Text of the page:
updated 03:10 pm EST, Thu January 8, 2009
Palm PRE at CES
Palm at CES launched the Pre (pronounced "pree"), its latest smartphone featuring a touchscreen and slide-out QWERTY keyboard. The device runs on the new webOS operating system which supports third-party app development and takes advantage of the touch interface. It also pushes the high-end of smartphones with a 3-megapixel camera, EVDO Rev. A, Wi-Fi, stereo Bluetooth, GPS, 8GB of storage and a new TI processor that offers notebook-level performance. The 3.1-inch touchscreen offers a 480x320 resolution, while a separate gesture area below the screen is used for several controls in addition to a center button.
The QWERTY keyboard slides out of the bottom rather than the side, making the device slightly thicker in proportion but overall smaller than other smartphones and more comfortable to use in its normal upright mode. When the keyboard is extended, the handset takes on a slightly curved form. Ports include a 3.5mm headphone jack along with a MicroUSB connection that supports mass storage. A unique inductive charger, known as the Touchstone, lets the phone charge without having to plug into a computer or wall outlet.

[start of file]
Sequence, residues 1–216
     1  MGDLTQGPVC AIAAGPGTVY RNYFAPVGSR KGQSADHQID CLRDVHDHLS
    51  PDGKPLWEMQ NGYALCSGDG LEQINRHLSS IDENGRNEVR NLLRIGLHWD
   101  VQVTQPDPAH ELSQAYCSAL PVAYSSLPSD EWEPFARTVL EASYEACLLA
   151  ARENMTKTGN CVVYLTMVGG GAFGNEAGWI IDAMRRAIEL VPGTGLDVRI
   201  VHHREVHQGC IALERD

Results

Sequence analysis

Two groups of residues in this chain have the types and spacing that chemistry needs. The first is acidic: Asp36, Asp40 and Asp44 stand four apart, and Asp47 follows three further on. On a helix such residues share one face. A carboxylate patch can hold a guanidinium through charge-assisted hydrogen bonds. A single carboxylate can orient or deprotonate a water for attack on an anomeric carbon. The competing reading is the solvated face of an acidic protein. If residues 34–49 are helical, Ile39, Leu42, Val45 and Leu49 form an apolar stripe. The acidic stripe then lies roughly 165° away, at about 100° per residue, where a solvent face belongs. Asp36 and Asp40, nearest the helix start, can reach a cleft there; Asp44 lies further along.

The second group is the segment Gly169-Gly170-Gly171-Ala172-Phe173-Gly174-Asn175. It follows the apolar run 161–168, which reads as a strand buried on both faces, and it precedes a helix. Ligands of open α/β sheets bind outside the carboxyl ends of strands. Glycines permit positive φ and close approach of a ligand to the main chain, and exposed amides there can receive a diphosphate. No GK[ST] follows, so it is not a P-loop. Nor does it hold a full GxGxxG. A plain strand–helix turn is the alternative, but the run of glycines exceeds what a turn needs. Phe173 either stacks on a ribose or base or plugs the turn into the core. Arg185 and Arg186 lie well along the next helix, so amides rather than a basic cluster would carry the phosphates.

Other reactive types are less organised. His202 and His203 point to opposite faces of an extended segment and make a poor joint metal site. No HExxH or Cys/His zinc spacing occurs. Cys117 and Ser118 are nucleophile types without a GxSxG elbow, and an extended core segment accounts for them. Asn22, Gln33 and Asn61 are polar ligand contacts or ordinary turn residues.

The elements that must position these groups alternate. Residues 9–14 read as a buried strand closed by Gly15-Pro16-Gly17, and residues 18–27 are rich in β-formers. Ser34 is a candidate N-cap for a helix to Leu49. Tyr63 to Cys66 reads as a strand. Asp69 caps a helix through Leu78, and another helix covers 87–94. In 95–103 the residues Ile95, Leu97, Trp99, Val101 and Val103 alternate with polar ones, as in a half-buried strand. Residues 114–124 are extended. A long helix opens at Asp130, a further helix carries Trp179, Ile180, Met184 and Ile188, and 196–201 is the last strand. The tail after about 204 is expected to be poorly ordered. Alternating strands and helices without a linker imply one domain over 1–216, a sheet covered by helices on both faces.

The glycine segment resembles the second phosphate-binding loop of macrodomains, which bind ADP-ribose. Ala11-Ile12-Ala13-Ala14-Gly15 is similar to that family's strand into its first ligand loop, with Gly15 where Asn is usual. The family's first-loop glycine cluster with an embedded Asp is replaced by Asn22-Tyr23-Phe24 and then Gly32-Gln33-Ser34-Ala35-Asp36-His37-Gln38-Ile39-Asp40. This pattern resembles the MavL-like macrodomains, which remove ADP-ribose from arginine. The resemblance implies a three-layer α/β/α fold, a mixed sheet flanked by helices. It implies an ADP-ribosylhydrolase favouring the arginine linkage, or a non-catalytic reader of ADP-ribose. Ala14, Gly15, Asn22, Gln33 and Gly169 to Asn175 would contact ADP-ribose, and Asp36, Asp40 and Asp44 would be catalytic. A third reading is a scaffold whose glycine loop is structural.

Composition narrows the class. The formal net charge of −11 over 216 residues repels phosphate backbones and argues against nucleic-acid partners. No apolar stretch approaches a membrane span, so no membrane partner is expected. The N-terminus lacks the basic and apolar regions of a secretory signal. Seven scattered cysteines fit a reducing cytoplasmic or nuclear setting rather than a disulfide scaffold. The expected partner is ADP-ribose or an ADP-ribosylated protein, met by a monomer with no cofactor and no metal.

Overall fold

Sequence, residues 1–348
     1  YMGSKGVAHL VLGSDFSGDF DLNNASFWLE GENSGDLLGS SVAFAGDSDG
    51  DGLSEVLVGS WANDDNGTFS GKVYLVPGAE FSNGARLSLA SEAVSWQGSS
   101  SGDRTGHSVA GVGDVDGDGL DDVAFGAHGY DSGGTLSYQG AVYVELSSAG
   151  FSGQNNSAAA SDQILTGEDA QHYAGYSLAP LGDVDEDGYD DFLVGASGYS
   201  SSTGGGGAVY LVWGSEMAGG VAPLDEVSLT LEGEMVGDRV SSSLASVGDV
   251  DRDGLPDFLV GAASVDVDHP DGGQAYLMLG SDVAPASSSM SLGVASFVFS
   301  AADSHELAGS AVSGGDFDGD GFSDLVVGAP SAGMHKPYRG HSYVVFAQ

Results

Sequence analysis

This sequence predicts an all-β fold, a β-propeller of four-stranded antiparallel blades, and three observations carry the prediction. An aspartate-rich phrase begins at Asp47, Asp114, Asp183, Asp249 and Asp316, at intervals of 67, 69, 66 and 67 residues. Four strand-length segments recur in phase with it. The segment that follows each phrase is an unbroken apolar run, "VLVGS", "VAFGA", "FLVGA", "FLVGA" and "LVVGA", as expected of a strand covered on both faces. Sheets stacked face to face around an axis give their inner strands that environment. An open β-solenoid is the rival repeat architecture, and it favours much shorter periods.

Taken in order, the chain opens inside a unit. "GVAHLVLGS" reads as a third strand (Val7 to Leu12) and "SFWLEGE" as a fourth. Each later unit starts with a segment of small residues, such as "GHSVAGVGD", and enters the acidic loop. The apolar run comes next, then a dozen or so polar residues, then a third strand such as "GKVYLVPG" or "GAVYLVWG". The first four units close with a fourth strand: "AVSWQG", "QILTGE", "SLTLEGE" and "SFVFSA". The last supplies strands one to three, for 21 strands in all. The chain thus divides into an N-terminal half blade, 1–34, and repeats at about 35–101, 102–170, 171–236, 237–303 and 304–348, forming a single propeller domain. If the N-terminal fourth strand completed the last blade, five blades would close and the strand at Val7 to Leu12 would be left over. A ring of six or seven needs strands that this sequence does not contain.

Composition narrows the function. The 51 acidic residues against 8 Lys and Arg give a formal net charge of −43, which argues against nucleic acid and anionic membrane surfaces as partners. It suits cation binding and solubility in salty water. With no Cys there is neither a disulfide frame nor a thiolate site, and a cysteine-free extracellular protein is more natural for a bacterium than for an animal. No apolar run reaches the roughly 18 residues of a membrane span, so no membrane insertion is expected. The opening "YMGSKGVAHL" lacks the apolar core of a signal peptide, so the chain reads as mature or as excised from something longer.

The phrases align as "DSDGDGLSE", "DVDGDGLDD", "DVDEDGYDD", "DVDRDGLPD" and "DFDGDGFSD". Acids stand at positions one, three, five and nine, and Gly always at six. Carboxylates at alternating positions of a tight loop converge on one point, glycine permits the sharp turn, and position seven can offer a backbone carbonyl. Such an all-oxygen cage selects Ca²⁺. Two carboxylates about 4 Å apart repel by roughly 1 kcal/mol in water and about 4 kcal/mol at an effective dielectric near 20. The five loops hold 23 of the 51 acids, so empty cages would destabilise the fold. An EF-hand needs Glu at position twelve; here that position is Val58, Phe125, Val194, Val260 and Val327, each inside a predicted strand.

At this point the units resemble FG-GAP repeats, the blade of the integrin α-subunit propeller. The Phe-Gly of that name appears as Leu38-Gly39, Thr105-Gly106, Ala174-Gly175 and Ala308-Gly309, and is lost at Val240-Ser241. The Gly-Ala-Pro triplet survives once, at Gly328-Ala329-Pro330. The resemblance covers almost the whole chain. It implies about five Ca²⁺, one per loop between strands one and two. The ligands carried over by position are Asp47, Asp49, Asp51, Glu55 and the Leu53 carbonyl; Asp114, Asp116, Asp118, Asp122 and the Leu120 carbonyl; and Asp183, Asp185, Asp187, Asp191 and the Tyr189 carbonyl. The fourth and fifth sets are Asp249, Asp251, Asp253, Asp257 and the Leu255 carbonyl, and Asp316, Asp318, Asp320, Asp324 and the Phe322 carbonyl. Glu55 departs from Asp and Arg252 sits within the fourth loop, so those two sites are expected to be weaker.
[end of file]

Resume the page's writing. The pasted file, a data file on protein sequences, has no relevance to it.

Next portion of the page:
A new concept known as Synergy unifies searches across multiple address books, while the keyboard can be used to start searches in place of visual browsing. IM is just as consolidated and puts multiple networks into a single client, while integration with Facebook adds a social networking component.
Palm intends to release the first version of the Pre through Sprint in the first half of the year, with pricing to be set later. No mention has yet been made of a GSM version that would support AT&T or most international carriers, though the company is expected to launch multiple webOS phones this year.
The Pre is considered entirely vital to Palm, which has had to endure mounting losses and was recently given a $100 million aid to prevent it from running out of money. The company sold roughly 600,000 phones in its most recent quarter and is commonly believed to be one of the primary victims of the iPhone as Treo owners switch to the more modern device.
Palm has maintained that it can restore its fortunes through its new platform and as part of its development efforts hired former Apple engineer and executive Jon Rubinstein, who is widely credited with reinvigorating Palm's hardware design.